This is almost non-negotiable, simply because if it is not, you won’t be able to properly do your job. If the only incentives for your role are to onboard as many users as possible and make them pay as much as possible, there is nothing stopping you from going down the dark pattern rabbit hole.

This can end up hurting the company eventually, however, it is important to strike a balance. As a designer you are the voice of the users, but you also need the company to stay profitable and grow.This is in my opinion where the most exciting part of our responsibility as designers lie.

How to interpret their response: It is important to see how the company values your contributions as a designer, and you are ideally looking for companies that have some form of customer satisfaction as part of their compensation scheme.


Aimee Ellerton: “What is the collaboration like for designers?”

Why ask this: A key indicator that a company is user-focused is the structure of the team. Is there a Head of Design and other designers to collaborate with?

How to interpret their response: Typically, with this there will be design processes in place already and an indicator of personal growth within the company. Is the team working cross-functionally where you will be having different touch points with the product, making for a more collaborative approach? With this, user insights can be advocated throughout the product lifecycle allowing for the user needs at the forefront of discussions. Alternatively, in a business-focused company, you may have little communication with product or sole communication with just one area of the business and the team limiting your ability to advocate for the user.

Are there UX Researchers already within the team? This shows that the company places a high value on research not just execution.

You might find that you will be joining as the first designer but consider who will you be working closely with. Is there a Product Manager or a leader who will advocate for design and the user?


“What part of the design process do designers already in the team focus most of their time on?”

Why ask this: Understanding a company’s current design process will identify what they believe is most important.

How to interpret their response: Typically, user-driven companies focus their time on research, prototyping and then user testing, making sure they are aligned with the user needs. Is there time for testing and iterations based on feedback? This would be a key indicator if the company truly values customer feedback or values more on taking the product to market and hoping for the best.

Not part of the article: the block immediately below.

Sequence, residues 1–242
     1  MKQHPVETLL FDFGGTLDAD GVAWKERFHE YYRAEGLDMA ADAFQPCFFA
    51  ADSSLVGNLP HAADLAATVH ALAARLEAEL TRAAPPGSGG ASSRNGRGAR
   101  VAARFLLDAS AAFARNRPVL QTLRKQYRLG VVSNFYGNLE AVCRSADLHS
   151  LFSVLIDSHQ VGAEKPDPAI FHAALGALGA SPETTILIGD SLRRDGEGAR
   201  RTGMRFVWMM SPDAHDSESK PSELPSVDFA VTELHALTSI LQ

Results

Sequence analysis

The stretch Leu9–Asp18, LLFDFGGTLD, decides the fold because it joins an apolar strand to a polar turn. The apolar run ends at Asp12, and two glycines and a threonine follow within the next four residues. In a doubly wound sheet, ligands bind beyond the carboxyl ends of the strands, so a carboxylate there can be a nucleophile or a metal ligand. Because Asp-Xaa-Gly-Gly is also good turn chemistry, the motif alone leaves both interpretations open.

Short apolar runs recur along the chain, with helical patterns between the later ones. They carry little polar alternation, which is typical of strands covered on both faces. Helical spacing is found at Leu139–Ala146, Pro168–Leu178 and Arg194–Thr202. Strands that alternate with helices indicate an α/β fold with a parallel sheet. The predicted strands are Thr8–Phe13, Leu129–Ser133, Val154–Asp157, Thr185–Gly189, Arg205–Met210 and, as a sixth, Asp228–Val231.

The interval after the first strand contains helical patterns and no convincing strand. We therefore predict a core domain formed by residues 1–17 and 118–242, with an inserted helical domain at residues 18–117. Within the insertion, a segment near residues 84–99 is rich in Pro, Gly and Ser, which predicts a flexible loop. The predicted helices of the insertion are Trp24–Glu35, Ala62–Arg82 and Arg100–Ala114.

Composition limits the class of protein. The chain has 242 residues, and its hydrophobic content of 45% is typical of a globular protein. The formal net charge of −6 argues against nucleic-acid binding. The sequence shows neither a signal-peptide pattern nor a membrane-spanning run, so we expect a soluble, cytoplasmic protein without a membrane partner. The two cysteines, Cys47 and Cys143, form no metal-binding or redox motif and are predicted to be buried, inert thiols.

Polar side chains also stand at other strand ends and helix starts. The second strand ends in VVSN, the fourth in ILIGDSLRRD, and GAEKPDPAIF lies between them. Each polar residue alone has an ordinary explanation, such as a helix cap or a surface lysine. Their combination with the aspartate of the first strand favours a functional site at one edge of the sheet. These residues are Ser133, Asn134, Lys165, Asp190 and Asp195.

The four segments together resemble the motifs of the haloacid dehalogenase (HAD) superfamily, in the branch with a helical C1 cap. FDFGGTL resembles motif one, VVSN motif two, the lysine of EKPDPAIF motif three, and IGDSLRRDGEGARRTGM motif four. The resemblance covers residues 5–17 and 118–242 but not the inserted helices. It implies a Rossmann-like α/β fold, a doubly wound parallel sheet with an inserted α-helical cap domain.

“How well is iteration encouraged?”

Why ask this: Understanding how a company focuses on iterations is crucial in identifying how user-driven a company is.

How to interpret their response: How open they are to refining products based on feedback is a strong indicator here and the time they set aside within the design process to do so. Alternative responses from business-focused companies may be that they are resistant to any changes from the product and reluctant to dedicate time for iteration as it could impact financial budgets and goals.


“What is the company’s mission?”

Why ask this: Understanding a company’s mission statement also works as a guide for decision-making as a designer. You may be using this to anticipate the company’s strategic alignments and priorities and therefore design choices that could be impacted because of this.

Additionally, directly asking what the CEO’s thoughts are on user experience, will set the tone for how much the rest of the company value UX.

How to interpret their response: In an ideal world, the answer is that their mission is to be ‘fully user driven’ or surrounding user satisfaction, although this is an immediate green flag, here it would be good to identify how they are going to do that to gain an understanding of how your pivotal role as a designer will be part of this.


Using just a couple of these questions should help steer you towards an employer that matches your values and mindset, and ultimately help you make a more informed decision about your next career move towards a user-centricity.

A special thank you to Martin Danty for offering his insights, we hope you find this article helpful and if so, please share it among your network so we can collectively bring simplicity to the chaos of recruitment.